Supply bottlenecks and good demand also support recyclers’ price push
In March, recyclers attempted to impose massive price premiums as a result of rising material and production costs, high demand and tightening availability. However, suppliers were only able to push through a fraction of the targeted price premiums due to buyer resistance. Nevertheless, most recycled polymer classes registered triple-digit price gains last month.
In April, recycled polymer prices have continued to rise, but to a much smaller extent. R-LDPE film showed the highest increase with prices rising by €90/tonne. Most other classes and types saw gains of between €30-50/tonne. The sharply rising cost of primary material supported recyclers’ push for higher prices.
Higher virgin polymer prices and shortening availability also led to more converters seeking alternative supply in the form of recycled material. Recycled plastics demand was particularly robust across the consumer goods sector driven by brand owners’ sustainability programmes.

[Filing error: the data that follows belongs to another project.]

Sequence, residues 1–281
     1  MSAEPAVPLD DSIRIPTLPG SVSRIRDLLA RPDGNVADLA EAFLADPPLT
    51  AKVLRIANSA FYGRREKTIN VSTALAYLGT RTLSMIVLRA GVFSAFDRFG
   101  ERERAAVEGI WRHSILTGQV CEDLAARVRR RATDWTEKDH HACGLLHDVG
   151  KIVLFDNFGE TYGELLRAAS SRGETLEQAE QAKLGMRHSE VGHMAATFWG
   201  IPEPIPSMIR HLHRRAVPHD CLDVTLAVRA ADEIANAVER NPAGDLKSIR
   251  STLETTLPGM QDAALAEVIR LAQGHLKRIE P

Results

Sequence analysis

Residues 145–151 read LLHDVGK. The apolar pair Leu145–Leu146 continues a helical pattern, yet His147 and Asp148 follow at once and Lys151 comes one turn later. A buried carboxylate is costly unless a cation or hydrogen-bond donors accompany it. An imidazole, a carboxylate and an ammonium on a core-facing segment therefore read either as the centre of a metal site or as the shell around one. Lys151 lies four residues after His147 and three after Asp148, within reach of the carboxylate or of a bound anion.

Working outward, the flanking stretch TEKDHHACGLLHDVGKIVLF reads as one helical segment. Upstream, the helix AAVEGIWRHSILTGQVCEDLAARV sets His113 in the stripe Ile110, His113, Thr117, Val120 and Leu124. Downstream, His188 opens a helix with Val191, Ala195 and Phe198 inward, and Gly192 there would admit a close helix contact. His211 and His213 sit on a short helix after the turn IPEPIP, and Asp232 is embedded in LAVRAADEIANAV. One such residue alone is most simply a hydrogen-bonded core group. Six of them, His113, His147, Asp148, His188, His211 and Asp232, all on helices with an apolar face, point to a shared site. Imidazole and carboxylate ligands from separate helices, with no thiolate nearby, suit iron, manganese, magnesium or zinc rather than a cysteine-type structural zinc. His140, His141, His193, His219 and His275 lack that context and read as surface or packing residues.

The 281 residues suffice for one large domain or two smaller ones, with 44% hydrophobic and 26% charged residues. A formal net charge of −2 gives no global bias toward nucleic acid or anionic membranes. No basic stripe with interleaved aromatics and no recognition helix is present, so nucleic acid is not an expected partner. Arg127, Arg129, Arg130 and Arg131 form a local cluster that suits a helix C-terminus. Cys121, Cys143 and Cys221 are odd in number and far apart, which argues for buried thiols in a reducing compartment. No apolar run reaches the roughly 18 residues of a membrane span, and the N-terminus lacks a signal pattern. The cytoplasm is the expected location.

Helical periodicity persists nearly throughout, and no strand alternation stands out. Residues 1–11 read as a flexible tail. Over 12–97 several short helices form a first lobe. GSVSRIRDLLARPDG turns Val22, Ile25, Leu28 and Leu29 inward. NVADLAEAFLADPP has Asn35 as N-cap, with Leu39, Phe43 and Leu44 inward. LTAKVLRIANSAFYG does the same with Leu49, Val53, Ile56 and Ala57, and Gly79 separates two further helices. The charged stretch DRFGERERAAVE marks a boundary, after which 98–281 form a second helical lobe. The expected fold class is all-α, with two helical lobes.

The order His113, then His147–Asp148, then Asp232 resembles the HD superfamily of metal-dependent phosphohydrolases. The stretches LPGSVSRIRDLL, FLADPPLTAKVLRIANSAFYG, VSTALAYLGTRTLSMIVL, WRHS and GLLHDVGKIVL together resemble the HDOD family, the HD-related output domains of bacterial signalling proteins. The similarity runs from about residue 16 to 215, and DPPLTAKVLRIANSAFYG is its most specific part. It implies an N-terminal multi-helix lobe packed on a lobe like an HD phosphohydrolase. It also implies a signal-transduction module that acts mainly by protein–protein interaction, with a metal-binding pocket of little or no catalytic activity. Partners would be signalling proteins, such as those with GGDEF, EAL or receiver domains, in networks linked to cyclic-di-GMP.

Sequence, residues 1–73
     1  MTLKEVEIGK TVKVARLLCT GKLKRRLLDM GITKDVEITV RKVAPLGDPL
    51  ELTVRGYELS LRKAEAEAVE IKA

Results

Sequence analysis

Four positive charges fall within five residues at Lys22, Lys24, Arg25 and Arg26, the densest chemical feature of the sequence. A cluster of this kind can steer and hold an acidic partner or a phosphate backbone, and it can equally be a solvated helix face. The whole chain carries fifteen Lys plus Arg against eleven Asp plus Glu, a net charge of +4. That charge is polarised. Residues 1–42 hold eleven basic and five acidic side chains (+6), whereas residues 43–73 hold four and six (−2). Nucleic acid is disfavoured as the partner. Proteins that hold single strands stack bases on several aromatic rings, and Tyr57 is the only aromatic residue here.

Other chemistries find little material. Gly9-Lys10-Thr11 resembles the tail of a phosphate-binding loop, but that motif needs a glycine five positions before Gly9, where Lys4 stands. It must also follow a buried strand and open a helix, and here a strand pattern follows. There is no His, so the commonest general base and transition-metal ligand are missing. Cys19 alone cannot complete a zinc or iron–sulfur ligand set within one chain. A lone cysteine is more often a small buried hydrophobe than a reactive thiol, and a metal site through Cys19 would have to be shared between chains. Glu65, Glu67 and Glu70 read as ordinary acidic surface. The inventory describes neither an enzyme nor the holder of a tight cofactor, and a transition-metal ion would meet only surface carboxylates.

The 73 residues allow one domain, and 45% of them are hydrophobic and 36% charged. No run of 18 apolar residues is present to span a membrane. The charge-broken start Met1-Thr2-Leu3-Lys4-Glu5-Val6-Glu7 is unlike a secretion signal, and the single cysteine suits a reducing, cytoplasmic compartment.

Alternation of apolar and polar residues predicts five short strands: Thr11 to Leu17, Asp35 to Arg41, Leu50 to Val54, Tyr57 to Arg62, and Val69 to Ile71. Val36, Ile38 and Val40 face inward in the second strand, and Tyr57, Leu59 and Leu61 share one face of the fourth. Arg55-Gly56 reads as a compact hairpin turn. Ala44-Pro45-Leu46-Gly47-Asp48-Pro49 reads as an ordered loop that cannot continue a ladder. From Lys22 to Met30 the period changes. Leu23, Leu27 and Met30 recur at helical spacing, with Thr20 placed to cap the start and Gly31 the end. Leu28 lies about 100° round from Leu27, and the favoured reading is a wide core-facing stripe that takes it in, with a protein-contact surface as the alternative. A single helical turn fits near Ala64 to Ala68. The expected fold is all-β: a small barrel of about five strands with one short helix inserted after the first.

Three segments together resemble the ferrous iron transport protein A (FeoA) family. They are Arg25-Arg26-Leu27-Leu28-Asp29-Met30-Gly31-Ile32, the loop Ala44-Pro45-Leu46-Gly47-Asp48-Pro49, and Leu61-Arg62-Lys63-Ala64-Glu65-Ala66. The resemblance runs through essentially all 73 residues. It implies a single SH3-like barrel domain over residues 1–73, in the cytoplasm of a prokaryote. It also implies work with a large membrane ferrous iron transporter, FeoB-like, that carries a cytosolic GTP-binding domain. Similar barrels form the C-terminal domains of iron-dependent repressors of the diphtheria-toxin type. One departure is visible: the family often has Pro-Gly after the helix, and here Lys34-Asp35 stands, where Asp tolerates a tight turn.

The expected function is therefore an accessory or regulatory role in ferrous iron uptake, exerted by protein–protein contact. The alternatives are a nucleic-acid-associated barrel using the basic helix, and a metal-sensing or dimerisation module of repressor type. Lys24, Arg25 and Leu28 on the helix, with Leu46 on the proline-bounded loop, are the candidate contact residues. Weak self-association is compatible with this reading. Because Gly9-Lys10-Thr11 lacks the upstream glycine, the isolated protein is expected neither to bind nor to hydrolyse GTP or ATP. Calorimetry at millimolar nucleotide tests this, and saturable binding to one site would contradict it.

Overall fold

There was sufficient material across most recycled plastics classes and types in April to fully meet demand from regular customers, although it was harder to find additional volumes required to serve new customers. High-quality material was, however, in shorter supply.
In May, strong demand and the rising cost of energy and production scrap will likely lead to a further round of price increases. The availability of high-quality production scrap and bottle scrap remains a major concern for recyclers.